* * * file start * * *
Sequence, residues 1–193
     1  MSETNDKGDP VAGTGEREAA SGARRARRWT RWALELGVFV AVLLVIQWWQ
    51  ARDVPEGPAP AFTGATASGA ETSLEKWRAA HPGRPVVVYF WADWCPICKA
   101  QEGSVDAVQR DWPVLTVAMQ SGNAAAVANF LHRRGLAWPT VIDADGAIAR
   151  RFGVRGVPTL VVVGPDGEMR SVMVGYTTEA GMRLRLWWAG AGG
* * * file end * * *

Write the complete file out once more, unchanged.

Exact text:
Sequence, residues 1–193
     1  MSETNDKGDP VAGTGEREAA SGARRARRWT RWALELGVFV AVLLVIQWWQ
    51  ARDVPEGPAP AFTGATASGA ETSLEKWRAA HPGRPVVVYF WADWCPICKA
   101  QEGSVDAVQR DWPVLTVAMQ SGNAAAVANF LHRRGLAWPT VIDADGAIAR
   151  RFGVRGVPTL VVVGPDGEMR SVMVGYTTEA GMRLRLWWAG AGG